In recent years the urgency of addressing climate change has come to the forefront of planning discussions in all sectors of the American economy, and the colleges and universities that nurture the educated workforce that drive that economy are no exception. RMI, and the AASHE recognized the opportunity to work closely with campuses to learn ways to further accelerate their climate-change initiatives, and widely disseminate this learning.
This Innovation Workshop is the third-phase in a two-year initiative to pursue climate-change mitigation programs at colleges and universities. During this workshop, a team of RMI experts convened three representatives from each of the twelve participating campuses, AASHE, and other supporting organizations, in order to refine participant's understanding of the challenges they face and the solutions they can utilize to overcome barriers to campus carbon-reduction efforts.
By identifying the barriers to reducing greenhouse gas emissions from campus operations, and developing solutions in a collaborative research effort, this project aims to result in a comprehensive framework that all types of colleges and universities can consult as they navigate the path to carbon neutrality.
Preceding the workshop, RMI visited the 12 participating campuses to evaluate individual campus programs and initiatives. RMI, through an anonymous donor, is offering seed grants ($35,000-$50,000 per institution) to aid each participating campus in the implementation of a high priority project that advances its climate program.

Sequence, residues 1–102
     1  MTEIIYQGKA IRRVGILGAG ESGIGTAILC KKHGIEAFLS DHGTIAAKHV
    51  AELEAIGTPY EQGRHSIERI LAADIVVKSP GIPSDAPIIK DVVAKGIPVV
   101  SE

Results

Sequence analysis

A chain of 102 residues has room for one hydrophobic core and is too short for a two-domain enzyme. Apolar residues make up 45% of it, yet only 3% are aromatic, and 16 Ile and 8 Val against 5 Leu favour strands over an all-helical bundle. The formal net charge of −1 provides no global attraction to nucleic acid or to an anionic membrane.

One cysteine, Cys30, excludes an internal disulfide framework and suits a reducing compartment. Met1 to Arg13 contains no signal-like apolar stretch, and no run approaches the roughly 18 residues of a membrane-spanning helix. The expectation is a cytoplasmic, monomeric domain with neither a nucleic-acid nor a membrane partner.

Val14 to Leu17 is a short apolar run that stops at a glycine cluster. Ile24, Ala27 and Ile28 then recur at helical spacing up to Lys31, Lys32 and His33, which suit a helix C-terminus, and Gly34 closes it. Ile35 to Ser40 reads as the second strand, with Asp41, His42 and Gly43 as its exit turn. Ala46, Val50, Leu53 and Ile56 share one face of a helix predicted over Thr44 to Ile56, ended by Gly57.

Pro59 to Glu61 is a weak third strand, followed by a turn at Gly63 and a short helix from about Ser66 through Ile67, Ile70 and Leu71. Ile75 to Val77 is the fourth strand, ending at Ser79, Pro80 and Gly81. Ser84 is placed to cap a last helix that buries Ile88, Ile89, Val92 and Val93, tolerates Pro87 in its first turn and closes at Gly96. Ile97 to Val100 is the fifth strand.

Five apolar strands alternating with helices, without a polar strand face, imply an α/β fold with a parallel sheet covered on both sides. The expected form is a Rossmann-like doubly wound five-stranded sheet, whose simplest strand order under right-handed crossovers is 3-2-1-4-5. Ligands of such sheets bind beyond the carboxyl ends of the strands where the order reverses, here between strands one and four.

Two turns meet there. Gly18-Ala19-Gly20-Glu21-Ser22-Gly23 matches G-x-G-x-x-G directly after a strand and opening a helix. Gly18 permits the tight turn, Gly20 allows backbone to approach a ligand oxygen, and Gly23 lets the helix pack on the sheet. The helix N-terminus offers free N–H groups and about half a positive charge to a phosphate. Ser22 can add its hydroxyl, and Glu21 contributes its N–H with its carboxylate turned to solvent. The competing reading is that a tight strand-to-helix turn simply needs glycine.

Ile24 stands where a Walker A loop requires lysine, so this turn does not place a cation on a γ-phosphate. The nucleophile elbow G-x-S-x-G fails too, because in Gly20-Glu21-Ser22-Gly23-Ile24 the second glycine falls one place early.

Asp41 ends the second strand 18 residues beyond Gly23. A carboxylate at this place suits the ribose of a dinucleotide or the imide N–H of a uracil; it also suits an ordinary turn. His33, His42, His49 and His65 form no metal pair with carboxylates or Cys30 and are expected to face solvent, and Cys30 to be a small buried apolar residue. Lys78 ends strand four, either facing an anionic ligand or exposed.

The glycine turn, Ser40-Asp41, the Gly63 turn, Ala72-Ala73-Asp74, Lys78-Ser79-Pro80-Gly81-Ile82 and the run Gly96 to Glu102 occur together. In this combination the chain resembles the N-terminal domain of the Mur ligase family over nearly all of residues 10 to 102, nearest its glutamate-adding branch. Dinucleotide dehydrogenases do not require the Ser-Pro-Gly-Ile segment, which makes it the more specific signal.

Workshop activities allowed campus representatives to work with RMI experts to refine their proposals and incorporate integrated design principles into each project. "RMI estimates 25-50 % of operating energy can be saved in existing buildings if you use whole systems renovations," RMI architect James Brew told participants. Several proposed project ideas included installations of solar electric and solar hot water demonstration systems on a student housing complex; assessment of energy efficiency opportunities on a campus; installing energy metering to engage residents and building occupants in conservation; and construction of a small wind farm near campus that would generate electricity for the campus.
n the summer of 2009, RMI will publish the findings from Accelerating Campus Climate Initiatives online, outlining common barriers and targeted solutions for a whole-system approach to achieving low-carbon campus operations. The findings will be a record for participants, and RMI believes other colleges and universities can benefit from this information as they build frameworks for their climate initiatives.
Participating schools include Colorado State University, Furman University, Harford Community College, Lakeshore Technical College, Luther College, Richland College, Tufts University, Unity College, University of Minnesota Morris, University of Missouri, University of Vermont, Yale University.